The Girl Talk: 1968 Edition

The Girl Talk: 1968 Edition

Mary Scott-Boria, Susan Klonsky

Tue, August 28, 2018

6:30 pm

The Hideout

Chicago, IL

$10.00

Tickets at the Door

The Girl Talk
The Girl Talk
The Girl Talk is a monthly show at The Hideout featuring powerful and influential Chicago women you should know. Each month, we tackle an issue facing our city, state and country and learn from the women working to make things better.
1968 Edition
50 years ago this month, the streets of Chicago were packed with protesters demonstrating outside of the Democratic National Convention against the war in Vietnam and demanding civil rights and equality for African Americans.

On the anniversary of those historic protests and the civil rights and student movements of 1968 in general, we’ll be chatting with two women who were in the middle of it all, Mary Scott-Boria, a former member of the Black Panther Party, and Susan Klonsky, a former member of Students for a Democratic Society, which was the nation’s largest student-led anti-war organization in the 1960s.

Join us as Susan and Mary take us back to the heat of 1968, and shed some light on the lessons from that time for today’s resistance movement.
Mary Scott-Boria
Mary Scott-Boria is a lifelong resident of Chicago, arriving to Chicago at 15 where she was immediately immersed in the Chicago Freedom Movement as a young activist. Immediately upon graduating from high school she joined the Black Panther Party where her activities led her to working with the Puerto Rican Socialist Party.

Mary has over 50 years of experience and knowledge of Chicago's communities, having worked as a professional social worker and human services administrator in several not for profit organizations. Her work and interests have been in women and youth issues and in community organizing and politics. She served as the founding executive director of the Chicago Sexual Assault Services Network, director of Youth Services Project (YSP), a founding executive member of the Cook County Democratic Women, and most recently as director of the Urban Studies Program of the Associated Colleges of the Midwest. As director of Women’s Services for the Metropolitan YWCA, she became interested in global issues of violence against women and visited women’s anti-violence projects in Ghana and South Africa. She was also active in anti-apartheid organizing and visited South Africa soon after the release of Nelson Mandela. Her involvement with the Christian Peacemaker Teams afforded her the opportunity to travel and lead a delegation of activists to Palestine. Her background in anti-racism education and organizing has kept her involved in issues of racial justice since the late 60s and involved membership in the Chicago Black Panther Party.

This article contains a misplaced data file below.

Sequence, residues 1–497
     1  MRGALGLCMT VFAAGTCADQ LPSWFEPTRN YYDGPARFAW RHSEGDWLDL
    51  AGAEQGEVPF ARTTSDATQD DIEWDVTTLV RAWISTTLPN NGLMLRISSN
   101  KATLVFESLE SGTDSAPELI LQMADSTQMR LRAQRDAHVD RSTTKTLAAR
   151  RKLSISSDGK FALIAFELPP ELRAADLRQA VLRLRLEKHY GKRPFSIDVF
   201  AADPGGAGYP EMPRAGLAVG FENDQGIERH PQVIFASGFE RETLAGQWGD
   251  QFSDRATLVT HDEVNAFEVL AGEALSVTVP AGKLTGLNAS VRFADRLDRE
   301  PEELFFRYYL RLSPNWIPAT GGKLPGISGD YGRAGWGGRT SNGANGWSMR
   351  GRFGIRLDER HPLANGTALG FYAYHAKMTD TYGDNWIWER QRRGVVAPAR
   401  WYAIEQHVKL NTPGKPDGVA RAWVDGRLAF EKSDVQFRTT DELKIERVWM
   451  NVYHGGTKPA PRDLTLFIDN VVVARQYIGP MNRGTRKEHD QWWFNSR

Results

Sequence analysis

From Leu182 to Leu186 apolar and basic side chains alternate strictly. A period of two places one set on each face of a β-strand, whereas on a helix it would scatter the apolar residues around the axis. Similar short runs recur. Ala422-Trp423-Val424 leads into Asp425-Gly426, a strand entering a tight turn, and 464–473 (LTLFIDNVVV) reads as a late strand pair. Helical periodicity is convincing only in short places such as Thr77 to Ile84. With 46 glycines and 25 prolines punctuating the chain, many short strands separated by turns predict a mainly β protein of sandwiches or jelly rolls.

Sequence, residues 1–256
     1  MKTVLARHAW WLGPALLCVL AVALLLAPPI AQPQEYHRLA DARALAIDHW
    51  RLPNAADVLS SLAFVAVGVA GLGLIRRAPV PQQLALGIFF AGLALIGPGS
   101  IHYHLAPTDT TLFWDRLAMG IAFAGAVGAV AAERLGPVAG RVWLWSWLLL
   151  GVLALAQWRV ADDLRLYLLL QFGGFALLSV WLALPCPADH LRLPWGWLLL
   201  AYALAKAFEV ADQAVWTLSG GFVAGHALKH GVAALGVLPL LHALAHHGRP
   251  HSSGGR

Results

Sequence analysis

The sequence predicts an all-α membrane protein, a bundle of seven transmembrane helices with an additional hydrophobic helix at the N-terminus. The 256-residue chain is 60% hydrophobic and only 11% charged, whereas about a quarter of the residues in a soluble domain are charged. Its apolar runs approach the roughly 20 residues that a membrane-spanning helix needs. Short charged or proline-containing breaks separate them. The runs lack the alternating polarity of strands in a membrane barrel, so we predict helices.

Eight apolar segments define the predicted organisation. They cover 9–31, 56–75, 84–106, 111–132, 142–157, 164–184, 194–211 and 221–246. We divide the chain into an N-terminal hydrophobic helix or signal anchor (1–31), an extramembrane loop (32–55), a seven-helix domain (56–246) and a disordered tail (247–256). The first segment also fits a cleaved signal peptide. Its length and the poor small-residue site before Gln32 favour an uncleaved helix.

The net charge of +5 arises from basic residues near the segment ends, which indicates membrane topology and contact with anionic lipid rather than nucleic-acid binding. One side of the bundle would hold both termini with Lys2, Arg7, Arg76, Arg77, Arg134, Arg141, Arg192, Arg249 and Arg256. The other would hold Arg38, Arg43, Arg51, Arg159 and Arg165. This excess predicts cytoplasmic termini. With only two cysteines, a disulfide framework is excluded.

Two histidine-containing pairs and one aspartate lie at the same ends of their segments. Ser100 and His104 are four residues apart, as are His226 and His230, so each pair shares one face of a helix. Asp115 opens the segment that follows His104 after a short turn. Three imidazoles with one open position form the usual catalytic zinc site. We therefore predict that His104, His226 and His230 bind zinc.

Mary holds a master's degree in Social Work from the University of Illinois at Chicago. Her leadership in the Anti-Racism Institute of Clergy and Laity Concerned led her to seminary where she completed her Master of Divinity degree from the McCormick Theological Seminary in Chicago. She served on the training team of the Christian Peacemakers Teams and was most recently active with the Mikva Challenge Foundation and CLAIM (Chicago Legal Advocacy for Incarcerated Mothers). She lives in the Humboldt Park community in Chicago with her husband Rafael. Her passion involves engaging herself, her children and grandchildren in social justice issues that are both local and global.
Susan Klonsky
Susan Klonsky is a Chicago-based writer and activist, is interested in preserving and improving public education, especially through the arts and through the creation of smaller and more personalized public schools. In 1968 Susan was a 21-year-old member of SDS (Students for a Democratic Society), the largest youth activist organization in the U.S. SDS actively supported various liberation movements both at home and internationally, and was deeply engaged in Its militant opposition to the U.S. war in Vietnam. The national headquarters of SDS was in the West Side of Chicago. Susan was a member of the national staff which offered support to students interested in starting SDS chapters on their campuses in every state.

Susan's personal activism was focused on organizing women, creating a more democratic and egalitarian culture within the student movement, and in finding concrete ways to organize in solidarity with the movements for civil rights and Black liberation in the U.S.

The focus of her work over the years has been the creation of community based organizations, public schools and arts companies that can carry on those early goals of peace, nonviolence and freedom for all people.

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Venue Information:
The Hideout
1354 W. Wabansia Ave
Chicago, IL, 60642
http://www.hideoutchicago.com